There is a tremendous benefit to going through your manuscript several times.

The first revisions are to deal with the big issues, fixing plot problems and strengthening characters, but the following revisions should focus on ways to improve the use of language.

One way to hone your focus is to read your manuscript out loud.

Read aloud

You can stare at a sentence for hours and know something isn’t right, but the moment you read it aloud, you know you’re missing a word, or the sentence structure could be changed for clarity.

You will find repetitions of words and sounds when reading aloud.

Awkward phrasings. Missing punctuation. Voice inflictions and accents that are misrepresented.

There is something about vocalizing that forces our brains to work differently so we can pick up on things easier than when reading silently.

While listening, create a list of repetitive words, filler words, and filter words to remove, replace, or rewrite.

Run a search

After you've created a list of repetitive words and phrases, run a search.

Words like feel or felt, saw, heard, smelled, thought, wondered are signs of weak writing. What happens when these words are used is it creates distance between the reader and the story, when what you want is to immerse them in your tale.

When you find them, take a moment, and reread the sentence or paragraph. Ask yourself if you are telling your readers how a character feels or if you are letting them experience it.

If you notice your narrator tells your reader the characters feelings, thoughts, or motivations, find alternative ways to express what the character is feeling, hearing, thinking, or the whys behind what they do.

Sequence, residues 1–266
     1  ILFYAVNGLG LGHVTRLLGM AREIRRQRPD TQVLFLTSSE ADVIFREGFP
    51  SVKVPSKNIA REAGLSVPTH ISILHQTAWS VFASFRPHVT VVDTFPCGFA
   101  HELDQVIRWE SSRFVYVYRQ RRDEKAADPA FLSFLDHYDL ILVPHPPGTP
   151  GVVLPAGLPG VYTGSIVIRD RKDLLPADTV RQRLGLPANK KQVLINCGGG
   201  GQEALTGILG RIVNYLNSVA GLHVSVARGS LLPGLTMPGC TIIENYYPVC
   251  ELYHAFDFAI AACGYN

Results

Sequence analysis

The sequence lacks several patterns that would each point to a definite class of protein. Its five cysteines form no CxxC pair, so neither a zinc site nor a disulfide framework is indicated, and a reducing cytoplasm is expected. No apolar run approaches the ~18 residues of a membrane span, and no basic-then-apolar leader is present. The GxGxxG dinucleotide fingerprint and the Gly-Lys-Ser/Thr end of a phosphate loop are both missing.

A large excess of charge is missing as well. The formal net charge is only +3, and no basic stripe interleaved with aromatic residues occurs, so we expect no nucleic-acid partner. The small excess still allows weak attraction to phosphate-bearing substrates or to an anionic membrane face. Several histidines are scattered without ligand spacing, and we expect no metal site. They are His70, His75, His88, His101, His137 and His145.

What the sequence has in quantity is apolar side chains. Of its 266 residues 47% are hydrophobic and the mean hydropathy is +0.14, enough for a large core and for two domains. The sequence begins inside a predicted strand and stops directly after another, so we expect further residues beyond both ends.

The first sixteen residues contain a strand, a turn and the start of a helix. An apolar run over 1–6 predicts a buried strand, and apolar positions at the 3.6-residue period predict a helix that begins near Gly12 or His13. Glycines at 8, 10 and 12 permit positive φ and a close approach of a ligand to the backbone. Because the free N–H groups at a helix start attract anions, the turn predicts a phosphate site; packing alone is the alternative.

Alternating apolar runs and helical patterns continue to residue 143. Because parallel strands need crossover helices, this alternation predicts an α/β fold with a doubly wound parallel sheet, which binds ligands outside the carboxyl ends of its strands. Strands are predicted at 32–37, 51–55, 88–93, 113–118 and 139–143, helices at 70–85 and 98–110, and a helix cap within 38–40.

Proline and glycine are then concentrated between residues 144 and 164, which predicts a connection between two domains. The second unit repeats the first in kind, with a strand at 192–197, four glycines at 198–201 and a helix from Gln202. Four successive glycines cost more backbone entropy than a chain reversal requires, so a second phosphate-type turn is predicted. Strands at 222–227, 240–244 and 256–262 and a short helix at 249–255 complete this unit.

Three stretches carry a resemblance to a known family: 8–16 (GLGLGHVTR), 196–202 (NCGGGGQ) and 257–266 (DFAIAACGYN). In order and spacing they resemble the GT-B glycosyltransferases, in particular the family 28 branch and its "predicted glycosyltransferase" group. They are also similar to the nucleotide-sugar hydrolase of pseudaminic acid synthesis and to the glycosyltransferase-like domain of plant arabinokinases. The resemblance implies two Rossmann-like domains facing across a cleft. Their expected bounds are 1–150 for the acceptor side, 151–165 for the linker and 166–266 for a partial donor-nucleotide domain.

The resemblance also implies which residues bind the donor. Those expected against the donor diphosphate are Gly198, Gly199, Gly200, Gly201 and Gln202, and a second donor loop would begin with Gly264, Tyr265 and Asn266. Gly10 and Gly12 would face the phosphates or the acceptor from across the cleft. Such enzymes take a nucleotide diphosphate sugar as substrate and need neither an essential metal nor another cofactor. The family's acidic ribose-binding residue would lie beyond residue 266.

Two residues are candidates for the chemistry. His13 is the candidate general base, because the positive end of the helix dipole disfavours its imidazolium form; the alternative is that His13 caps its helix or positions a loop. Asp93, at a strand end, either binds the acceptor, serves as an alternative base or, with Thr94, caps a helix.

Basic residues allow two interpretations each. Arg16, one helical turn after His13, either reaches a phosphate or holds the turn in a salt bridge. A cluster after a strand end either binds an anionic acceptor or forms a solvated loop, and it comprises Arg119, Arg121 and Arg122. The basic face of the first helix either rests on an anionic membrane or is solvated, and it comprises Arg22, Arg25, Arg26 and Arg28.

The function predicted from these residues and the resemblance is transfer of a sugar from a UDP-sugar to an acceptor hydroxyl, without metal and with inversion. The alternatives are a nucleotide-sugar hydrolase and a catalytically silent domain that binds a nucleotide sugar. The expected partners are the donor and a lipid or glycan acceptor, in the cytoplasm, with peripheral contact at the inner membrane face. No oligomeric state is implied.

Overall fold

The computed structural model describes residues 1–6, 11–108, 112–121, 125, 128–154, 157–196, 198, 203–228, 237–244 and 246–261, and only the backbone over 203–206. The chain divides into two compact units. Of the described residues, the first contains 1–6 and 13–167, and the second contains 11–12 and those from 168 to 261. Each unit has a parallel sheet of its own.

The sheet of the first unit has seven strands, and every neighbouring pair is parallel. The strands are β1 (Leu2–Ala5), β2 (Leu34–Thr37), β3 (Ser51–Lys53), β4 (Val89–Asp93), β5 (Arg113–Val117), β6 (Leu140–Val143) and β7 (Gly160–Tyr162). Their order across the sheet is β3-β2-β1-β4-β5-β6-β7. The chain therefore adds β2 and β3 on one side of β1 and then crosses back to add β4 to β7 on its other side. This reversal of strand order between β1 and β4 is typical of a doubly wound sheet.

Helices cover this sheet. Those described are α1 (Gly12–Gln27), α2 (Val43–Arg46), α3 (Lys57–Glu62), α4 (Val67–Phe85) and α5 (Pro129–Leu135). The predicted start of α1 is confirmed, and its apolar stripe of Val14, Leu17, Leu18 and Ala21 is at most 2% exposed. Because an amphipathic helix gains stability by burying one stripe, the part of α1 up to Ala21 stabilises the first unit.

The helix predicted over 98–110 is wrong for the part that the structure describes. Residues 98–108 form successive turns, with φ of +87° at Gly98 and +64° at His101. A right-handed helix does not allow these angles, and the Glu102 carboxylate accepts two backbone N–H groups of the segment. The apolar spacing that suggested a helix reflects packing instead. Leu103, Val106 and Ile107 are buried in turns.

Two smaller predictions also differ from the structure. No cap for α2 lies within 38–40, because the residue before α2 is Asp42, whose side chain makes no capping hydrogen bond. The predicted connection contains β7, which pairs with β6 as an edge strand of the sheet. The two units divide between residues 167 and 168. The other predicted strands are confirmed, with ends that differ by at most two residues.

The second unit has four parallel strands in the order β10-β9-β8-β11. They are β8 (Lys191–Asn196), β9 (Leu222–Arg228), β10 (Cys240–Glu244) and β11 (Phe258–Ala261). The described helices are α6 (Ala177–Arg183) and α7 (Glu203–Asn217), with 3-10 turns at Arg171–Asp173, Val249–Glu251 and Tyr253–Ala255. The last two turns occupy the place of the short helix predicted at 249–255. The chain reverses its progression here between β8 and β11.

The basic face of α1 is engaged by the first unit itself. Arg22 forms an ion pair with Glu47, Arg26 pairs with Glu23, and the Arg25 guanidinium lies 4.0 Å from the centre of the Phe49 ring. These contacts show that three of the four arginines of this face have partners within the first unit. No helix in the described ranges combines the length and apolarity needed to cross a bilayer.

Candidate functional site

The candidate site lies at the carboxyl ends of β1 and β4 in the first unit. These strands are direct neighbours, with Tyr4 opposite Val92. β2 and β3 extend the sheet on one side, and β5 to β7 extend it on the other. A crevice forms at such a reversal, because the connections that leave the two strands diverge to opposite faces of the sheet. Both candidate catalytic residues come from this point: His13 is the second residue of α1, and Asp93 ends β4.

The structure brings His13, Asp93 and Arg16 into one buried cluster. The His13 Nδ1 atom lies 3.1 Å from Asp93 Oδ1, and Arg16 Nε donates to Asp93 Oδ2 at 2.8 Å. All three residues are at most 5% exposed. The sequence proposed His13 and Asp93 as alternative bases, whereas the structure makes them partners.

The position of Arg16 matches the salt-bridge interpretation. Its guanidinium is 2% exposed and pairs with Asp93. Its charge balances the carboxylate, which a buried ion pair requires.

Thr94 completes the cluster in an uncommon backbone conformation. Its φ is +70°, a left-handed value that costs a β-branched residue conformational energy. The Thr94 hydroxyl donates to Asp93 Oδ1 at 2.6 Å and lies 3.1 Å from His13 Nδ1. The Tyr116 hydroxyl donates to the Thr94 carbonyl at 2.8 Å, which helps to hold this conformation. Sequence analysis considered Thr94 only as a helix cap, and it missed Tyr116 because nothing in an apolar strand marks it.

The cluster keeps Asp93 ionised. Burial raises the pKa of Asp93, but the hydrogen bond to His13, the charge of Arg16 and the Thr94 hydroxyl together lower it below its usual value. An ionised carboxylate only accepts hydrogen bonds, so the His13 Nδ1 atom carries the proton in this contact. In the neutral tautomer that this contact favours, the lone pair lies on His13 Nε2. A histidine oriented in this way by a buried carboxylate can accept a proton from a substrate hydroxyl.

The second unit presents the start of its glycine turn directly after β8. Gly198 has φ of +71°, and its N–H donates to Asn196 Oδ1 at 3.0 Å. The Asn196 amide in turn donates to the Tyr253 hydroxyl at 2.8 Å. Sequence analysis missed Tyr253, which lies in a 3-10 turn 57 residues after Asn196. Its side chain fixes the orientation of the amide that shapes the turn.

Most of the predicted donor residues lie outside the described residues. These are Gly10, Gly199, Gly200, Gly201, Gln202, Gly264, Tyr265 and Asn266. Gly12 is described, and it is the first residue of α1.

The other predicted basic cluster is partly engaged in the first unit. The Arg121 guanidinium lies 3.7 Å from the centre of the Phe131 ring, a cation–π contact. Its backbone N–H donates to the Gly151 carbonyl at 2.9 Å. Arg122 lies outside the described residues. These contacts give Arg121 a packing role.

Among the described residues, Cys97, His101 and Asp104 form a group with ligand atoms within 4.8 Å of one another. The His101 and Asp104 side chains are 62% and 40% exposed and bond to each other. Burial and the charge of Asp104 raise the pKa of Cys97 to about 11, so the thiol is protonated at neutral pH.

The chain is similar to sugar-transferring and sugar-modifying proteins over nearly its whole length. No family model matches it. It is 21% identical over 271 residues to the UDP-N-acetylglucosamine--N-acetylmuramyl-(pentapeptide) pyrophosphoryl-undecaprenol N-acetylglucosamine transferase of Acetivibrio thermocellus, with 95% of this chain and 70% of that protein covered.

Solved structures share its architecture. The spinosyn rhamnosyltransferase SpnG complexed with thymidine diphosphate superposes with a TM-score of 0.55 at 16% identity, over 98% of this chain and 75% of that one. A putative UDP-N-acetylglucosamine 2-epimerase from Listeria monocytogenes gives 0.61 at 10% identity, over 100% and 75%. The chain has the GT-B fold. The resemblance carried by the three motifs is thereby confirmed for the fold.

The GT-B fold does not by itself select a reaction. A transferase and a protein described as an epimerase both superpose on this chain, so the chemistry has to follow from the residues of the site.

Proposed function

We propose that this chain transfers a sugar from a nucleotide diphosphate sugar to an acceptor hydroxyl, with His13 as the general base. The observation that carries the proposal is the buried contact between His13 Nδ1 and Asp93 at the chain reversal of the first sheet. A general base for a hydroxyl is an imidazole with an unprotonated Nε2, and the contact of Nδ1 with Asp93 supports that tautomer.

If a character feels scared, their heart may beat faster, their muscles tense, their body shake. The descriptions of what we physically feel will help the reader feel with the character.

If your character thinks or wonders something, just let them do it. Use italics sparingly, though, as they can be intrusive.

Sometimes it works well to have the narrator simply say what the character thinks.

Instead of, ‘Bob wondered how that was going to help,’ it could be, ‘How was that going to help?’

Don’t feel like you need to fix everything all at once. A good revision at this stage doesn’t make your manuscript perfect; it makes it better.

Give yourself permission to do as many revisions as you want and don’t rush it.

If you are stuck on how to revise or have done all you can, hire a professional editor.

We are here to help you realize your vision for your novel, help you reach your readers, and help you craft an immersive story.

Already know you need some help? Contact me. I work with speculative and crime fiction.

Happy Writing and Revising!

Kristin Noland – Speculative fiction and crime fiction editor